Jeffery A. Miller Catering

The Dish

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Our Three Sisters Farm in Waterloo Village is now certified ORGANIC!

Jeff and Gina, our Three Sisters farmer, filled us in about organic farming.

  • When we started the farm with Jeffrey Miller, back in 2015, "we didn't even have a single worm crawling in the dirt!" Gina Barkovitch, head farmer and gardener tells us. The space where we wanted to plant the gardens had been used to host festivals in historic Waterloo Village for many years. The ground was compact and extremely hard to dig into. With careful tilling, the addition of natural compost and the planting of cover crops to add nutrients to the soil, we have come a long way.
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  • The fruit trees we planted two years ago are now starting to bear fruit. In our effort to avoid a monocuture in our orchard we may have gone a little overboard.  Our 40-plus trees include European and Asian pears, a variety of apples, peaches, plums and apricots and more.
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  • We have 2 active beehives. In addition to providing honey,  native pollinators increase crop yields. 

 

  • Extensive paperwork must be kept up-to-date with specifics on each crop as well as current farm maps, purchase records and harvest yields for each crop. Written day-to-day farming and marketing records, covering all activities must be available for inspection at all times.
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  • bee on sunflower

Some questions about organic farming for Jeff:

  • Aside from Three Sisters Farm in Waterloo Village, how many organic farms do you work with directly?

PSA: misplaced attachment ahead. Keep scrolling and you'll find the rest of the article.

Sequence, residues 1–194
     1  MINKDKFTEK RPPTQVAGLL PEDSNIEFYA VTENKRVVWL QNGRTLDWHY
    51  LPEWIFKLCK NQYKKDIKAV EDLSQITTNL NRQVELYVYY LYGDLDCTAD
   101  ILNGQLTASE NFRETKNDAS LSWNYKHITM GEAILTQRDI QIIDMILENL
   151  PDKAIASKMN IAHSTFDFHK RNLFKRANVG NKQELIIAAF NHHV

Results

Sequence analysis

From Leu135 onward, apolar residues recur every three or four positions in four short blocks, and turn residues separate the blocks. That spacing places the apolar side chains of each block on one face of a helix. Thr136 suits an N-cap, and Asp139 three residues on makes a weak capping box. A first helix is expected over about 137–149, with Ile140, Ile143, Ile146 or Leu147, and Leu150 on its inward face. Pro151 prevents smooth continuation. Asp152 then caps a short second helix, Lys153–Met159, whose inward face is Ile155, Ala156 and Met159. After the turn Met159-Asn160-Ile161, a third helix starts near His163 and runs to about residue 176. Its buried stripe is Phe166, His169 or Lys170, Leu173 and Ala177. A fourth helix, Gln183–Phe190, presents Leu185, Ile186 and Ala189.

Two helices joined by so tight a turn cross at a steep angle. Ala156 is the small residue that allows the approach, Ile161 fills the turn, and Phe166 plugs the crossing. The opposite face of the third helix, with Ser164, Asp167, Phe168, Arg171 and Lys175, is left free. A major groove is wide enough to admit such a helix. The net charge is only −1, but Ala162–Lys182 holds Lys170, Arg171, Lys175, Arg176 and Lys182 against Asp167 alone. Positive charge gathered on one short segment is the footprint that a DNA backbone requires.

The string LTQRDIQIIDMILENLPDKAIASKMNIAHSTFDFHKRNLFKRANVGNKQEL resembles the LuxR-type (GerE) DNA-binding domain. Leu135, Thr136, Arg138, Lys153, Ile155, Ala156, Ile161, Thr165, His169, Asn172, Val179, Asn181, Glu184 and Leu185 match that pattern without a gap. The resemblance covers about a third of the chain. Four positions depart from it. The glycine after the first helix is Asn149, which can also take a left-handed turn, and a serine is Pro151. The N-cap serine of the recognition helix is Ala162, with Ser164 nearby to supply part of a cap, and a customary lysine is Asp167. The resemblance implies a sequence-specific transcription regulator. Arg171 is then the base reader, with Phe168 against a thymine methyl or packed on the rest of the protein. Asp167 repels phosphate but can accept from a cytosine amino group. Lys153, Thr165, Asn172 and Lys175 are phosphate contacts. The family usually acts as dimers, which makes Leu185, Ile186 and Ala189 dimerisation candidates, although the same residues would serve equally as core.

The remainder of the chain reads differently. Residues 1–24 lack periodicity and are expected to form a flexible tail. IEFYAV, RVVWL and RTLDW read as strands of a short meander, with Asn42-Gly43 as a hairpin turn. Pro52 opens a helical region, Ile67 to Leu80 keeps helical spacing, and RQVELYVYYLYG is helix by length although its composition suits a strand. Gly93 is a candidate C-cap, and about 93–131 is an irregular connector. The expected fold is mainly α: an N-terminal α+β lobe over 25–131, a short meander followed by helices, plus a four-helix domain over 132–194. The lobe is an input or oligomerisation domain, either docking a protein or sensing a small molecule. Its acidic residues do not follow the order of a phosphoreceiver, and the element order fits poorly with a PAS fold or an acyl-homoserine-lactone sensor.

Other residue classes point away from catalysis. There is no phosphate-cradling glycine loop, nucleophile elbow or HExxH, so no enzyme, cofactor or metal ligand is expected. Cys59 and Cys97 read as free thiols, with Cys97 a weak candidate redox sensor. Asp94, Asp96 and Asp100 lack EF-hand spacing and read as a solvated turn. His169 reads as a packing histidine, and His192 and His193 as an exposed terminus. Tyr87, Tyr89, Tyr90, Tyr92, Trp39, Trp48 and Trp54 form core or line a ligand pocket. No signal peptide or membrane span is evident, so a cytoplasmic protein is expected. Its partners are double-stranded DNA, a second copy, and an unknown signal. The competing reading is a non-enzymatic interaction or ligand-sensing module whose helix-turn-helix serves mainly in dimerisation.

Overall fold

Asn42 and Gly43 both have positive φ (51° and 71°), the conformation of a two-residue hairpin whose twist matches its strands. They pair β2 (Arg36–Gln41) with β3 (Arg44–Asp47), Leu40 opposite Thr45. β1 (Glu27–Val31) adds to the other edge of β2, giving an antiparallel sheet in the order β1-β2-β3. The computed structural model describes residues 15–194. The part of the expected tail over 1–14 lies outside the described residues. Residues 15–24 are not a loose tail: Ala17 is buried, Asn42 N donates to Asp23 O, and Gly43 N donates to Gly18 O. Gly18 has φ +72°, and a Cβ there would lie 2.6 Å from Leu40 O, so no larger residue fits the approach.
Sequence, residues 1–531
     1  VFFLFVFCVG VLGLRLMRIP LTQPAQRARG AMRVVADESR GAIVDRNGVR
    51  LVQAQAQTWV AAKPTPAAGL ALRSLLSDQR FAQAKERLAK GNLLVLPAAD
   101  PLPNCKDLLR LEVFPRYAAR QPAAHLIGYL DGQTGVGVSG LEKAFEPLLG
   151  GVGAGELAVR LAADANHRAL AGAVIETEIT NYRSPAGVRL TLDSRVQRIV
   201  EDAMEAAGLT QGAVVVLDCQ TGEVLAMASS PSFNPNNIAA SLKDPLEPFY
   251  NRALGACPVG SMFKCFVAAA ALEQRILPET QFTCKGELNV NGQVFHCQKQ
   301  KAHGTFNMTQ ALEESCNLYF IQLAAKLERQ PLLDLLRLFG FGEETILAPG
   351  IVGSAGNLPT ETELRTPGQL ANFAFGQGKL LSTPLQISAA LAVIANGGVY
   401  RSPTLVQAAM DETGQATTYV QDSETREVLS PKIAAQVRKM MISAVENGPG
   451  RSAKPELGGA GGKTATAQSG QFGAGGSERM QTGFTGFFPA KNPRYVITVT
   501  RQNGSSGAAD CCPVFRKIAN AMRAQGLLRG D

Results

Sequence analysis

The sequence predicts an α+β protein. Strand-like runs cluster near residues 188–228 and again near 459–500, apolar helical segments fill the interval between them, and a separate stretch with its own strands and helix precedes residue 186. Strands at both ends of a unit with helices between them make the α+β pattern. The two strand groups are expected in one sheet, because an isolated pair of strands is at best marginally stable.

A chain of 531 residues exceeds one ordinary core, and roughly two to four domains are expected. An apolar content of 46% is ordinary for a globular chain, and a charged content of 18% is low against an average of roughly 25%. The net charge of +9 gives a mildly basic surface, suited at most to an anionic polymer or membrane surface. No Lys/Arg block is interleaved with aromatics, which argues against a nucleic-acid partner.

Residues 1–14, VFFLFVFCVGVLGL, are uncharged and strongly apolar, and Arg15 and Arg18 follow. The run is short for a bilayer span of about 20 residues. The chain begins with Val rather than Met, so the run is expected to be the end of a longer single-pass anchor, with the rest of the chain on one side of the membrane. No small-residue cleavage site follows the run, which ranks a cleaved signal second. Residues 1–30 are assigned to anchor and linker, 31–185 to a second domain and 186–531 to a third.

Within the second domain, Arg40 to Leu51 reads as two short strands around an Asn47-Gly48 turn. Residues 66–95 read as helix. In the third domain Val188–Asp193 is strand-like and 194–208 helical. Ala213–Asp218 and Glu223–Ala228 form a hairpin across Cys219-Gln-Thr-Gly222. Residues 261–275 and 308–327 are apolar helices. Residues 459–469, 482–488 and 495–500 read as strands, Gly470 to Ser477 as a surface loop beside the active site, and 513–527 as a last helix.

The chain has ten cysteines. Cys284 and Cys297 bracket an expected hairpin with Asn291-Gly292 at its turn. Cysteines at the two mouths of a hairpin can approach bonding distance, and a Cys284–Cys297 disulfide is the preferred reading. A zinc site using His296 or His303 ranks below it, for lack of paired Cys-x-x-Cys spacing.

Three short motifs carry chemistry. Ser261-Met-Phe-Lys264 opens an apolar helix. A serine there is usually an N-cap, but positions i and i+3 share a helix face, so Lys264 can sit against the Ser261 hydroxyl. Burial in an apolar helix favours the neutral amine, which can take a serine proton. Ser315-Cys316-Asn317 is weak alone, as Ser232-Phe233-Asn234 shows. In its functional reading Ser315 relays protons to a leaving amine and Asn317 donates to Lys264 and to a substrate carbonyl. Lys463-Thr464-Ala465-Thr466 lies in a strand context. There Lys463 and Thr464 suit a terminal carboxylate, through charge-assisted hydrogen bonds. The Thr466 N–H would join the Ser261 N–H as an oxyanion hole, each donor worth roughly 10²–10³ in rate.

JM: We have been working with a number of organic farms for several years through the Lancaster Farm Fresh CO-OP, as well as Weaver's Way in Germantown.

  • Some might say organic farming is an old-fashioned way of doing things- what would you say to those who are new to the organic movement? 

JM: Sometimes the old ways are the best ways! Best for the health of the land, the waterways, and for those of us living now on earth, and our children and their children to come.

  • You have worked in kitchens around the world- Do you see a difference between American and say, European chefs using organic produce?  

JM: I have not worked in Europe for several years, but I know that Europe started the organic food movement in the 1920's, and Sweden has hosted a "Nordic Organic Chef's Competition" for several years now, so European chefs are already into organic. Europe has it's own stringent standards a grower must meet in order to get a license to sell organic products. In many ways, Europe is more environmentally sensitive than we are here in the US - we have some catching up to do.

  • Lastly, why is organic farming so important to you?

 JM: Organic is important to me because I have become concerened about the harm that traditional farming is doing to the oceans, to the land, and to our health. The fertilizers that are used in farms can get washed into the oceans where they create algae blooms that are huge dead zones in the ocean. The pesticides used in farming contaminate the aquifers- which is our drinking water. Additionally, organic farming, by avoiding pesticides, helps preserve the health of beneficial insects like honeybees, which we need to pollinate our fruit and vegetables, as well as other wildlife.